Car nirvana brings the thunder Down Under
IMAGINE a music festival like Coachella, but for petrolheads.
This is Horizon, a virtual car gathering, carnival and rave party in one massive celebration that takes over entire cities for one (endless) summer and lets you drive as irresponsibly as you want.
I had lived in Australia for half a decade and I once took my folks on a drive along the Great Ocean Road.
So it was with waves of nostalgia that I relived my memories of the land Down Under, albeit a hyper-real version of it, in Playground Games and Turn 10 Studios' third instalment in the biennial Forza Horizon open-world racing series.
I immensely enjoyed the first two editions, which were set in Colorado in the United States and Mediterranean Europe. Being a former Sydneysider, I was excited for this one, located in south-east Australia.
Unlike the previous games, you're now the boss of the festival, with two chirpy assistants and the returning in-car GPS Anna ready to help you out.
You can even choose your avatar from a diverse cast, the nickname the non-player characters will call you and what goes on your vanity plate.
I picked an East Asian man in a Hawaiian shirt; the moniker "Bantersaurus Rex", even though "Andre" was an option; and "TEHTARIK".
Your campaign objective is to expand the festival by gaining fans - this is the age of social media, after all.
You can do so by taking part in races, pulling off PR Stunts (like the new Danger Signs, which involves you jumping from a ramp as far as possible) and performing Showcases (barmy Top Gear-like contests such as chasing a jeep being airlifted by a helicopter) and Bucket List challenges.
Besides virtual followers, the game eagerly showers you with a smorgasbord of rewards with each completed mission.
You can gain XP points, which let you win cars and credits as you level up; credits that let you buy cars; and skill points that unlock Perks like a drone-camera mode.
Series-staple collectibles like XP and Fast Travel Discount boards (which give you their corresponding bonuses when smashed) and Barn Finds (rare cars abandoned in secluded areas) are back for treasure hunters.
A new collectible in Horizon 3 is Beauty Spots, which are 13 landmarks you have to visit to attain the Backpacker achievement.
FAIR DINKUM PORTRAYAL
The Australia of Horizon is one where you can cruise from Byron Bay to Surfers Paradise in mere minutes, with the Twelve Apostles and Yarra Valley in between instead of down south in Victoria.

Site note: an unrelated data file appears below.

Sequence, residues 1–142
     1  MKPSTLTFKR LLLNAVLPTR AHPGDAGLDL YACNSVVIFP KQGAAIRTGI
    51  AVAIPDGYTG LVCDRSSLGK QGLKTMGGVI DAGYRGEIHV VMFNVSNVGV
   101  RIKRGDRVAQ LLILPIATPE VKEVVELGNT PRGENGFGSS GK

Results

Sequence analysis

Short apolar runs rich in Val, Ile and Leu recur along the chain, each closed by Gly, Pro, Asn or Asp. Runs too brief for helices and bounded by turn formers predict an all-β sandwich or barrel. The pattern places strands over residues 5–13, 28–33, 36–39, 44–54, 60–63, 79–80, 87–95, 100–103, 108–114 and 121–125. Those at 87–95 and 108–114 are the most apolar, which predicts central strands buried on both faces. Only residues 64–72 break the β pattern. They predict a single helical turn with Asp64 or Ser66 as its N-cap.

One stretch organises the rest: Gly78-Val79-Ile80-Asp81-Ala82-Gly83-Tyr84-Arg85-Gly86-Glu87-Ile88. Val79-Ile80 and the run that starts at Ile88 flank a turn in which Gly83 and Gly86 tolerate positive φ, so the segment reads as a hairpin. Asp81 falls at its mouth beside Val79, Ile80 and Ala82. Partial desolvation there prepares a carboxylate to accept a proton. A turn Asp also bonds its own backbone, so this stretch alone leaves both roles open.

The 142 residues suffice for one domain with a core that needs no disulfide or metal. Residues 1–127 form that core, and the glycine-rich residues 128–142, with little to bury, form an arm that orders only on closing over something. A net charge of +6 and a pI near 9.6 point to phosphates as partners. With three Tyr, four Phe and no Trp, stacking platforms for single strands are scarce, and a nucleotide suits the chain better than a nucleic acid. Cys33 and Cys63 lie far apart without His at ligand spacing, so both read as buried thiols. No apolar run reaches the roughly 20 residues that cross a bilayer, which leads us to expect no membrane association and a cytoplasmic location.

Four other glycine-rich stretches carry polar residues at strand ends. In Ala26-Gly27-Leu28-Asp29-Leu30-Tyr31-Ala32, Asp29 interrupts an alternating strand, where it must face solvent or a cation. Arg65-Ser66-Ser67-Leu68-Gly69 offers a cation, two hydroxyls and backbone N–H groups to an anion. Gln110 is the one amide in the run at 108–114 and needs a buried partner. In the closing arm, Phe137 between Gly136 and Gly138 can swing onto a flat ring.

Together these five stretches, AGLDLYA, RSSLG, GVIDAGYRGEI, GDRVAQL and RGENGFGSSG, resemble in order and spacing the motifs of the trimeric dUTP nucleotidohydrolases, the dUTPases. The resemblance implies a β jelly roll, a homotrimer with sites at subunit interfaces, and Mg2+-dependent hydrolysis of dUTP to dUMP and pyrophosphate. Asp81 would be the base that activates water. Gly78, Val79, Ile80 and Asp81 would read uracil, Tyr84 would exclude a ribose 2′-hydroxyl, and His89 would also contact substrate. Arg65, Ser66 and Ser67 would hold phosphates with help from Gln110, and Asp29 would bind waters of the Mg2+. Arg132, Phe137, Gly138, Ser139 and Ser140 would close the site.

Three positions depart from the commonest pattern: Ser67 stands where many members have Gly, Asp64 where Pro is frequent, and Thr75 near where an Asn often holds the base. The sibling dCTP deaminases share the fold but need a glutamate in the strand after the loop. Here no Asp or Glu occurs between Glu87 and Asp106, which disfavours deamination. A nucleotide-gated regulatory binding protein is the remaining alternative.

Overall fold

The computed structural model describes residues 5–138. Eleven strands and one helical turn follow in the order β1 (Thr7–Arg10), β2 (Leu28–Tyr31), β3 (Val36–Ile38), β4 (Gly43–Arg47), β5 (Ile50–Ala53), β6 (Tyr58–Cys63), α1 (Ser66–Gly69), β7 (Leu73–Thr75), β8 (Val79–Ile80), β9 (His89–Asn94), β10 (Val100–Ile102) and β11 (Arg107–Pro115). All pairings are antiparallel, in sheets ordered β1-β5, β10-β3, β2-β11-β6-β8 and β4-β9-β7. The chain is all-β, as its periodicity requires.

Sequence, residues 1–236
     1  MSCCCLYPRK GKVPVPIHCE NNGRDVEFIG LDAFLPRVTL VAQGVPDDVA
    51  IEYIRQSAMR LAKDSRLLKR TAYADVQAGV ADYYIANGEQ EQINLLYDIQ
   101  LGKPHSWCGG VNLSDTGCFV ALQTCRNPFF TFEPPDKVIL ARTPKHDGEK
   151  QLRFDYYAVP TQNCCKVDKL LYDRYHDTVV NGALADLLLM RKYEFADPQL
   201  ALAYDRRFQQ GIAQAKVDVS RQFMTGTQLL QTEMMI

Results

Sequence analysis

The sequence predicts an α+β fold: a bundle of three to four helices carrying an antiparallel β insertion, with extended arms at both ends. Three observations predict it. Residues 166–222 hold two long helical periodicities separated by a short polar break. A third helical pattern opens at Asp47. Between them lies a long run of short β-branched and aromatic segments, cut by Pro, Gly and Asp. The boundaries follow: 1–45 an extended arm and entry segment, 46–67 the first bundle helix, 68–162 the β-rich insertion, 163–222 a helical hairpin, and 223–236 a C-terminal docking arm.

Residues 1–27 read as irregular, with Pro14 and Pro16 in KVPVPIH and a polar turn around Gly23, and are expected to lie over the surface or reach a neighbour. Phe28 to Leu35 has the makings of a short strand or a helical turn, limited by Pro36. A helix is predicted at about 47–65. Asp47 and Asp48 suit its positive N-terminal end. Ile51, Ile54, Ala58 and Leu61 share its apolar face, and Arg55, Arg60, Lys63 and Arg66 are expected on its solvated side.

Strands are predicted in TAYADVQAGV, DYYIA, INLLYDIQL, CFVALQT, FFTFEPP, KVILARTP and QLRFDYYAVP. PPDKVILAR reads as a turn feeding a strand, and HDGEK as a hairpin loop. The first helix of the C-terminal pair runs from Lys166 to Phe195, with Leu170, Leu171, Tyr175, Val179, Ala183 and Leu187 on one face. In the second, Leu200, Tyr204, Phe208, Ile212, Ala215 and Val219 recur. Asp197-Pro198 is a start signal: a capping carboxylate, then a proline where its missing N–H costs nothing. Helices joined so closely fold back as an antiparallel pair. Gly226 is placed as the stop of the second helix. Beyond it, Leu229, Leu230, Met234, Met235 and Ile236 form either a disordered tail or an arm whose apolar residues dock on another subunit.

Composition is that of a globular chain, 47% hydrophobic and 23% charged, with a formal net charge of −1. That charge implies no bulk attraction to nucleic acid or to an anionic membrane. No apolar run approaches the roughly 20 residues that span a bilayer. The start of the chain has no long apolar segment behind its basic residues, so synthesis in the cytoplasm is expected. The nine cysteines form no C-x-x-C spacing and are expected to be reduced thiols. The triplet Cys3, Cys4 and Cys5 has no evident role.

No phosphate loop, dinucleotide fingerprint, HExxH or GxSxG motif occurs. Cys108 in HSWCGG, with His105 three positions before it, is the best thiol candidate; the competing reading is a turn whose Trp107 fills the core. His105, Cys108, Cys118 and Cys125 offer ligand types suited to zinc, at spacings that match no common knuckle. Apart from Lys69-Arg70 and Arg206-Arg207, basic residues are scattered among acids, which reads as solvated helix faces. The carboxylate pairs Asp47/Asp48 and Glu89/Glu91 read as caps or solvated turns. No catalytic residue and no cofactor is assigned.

Horizon 3 packs in a staggering variety of environments - from the bone-dry sand dunes of the outback to the lush rainforest of Maroondah Reservoir - into its map, twice the size of its predecessor's.
Dynamic day-night cycles and weather return, with rain droplets now streaking across your windscreen instead of Horizon 2's static ones.
There are no Need For Speed-style cops to harass you, but you can get some sweet user-created police liveries for your rides or make your own vinyls through the versatile custom decal creator.
This is an Australiana fever dream with a side of creative licence. Yet I continue to be amazed by the attention to details, like the rubbish bins with their red and yellow lids, the orange-top Telstra phone booths and the quintessential suburban houses with corrugated iron roofs, verandahs and white picket fences.
There are 381 cars to buy and ride, from the Lamborghini Centenario cover star to the fictional Warthog from Halo, although Volkswagen models are strangely absent.
This is also the first Horizon title to use Forza Motorsport's Forzavista mode, which lets you ogle over your vehicle like in a showroom.
On the multiplayer side, a new feature called Drivatar Lineup allows you to hire four of your friends' Drivatars (a virtual avatar of the player who earns rewards on his behalf in other people's races when he's not playing) to bring in more fans and credits.
For the first time, too, there is four-player campaign co-op, which lets you and your buddies team up to complete races and other tasks together.
Another addition is Horizon Blueprint, where you can create your own races by setting variables like weather, time of day and eligible cars (though the tracks are fixed) and Bucket List challenges.
The soundtrack is an eclectic mix of over 140 songs from genres like rock, hip hop and classical on seven music stations.
There is an eighth station which, for the first time, allows you to stream your own music on OneDrive, so the in-car radio and outdoor concerts are blaring your tunes.
With mind-boggling levels of customisation and social interaction, a plethora of activities to do, doodads to collect and a gorgeous, enormous playground to explore, Forza Horizon 3 is the festival's most phenomenal edition yet.
It's hard to imagine how any future instalment is going to top this one.
But like my in-game experience, I'm confident there will always be something to look forward to over the horizon.
Forza Horizon 3 is out now. For Xbox One physical versions, the Standard Edition is $69.90 and the Ultimate Edition is $124.90. For digital versions, the Standard Edition is $69, the Deluxe Edition is $90 and the Ultimate Edition is $124.50.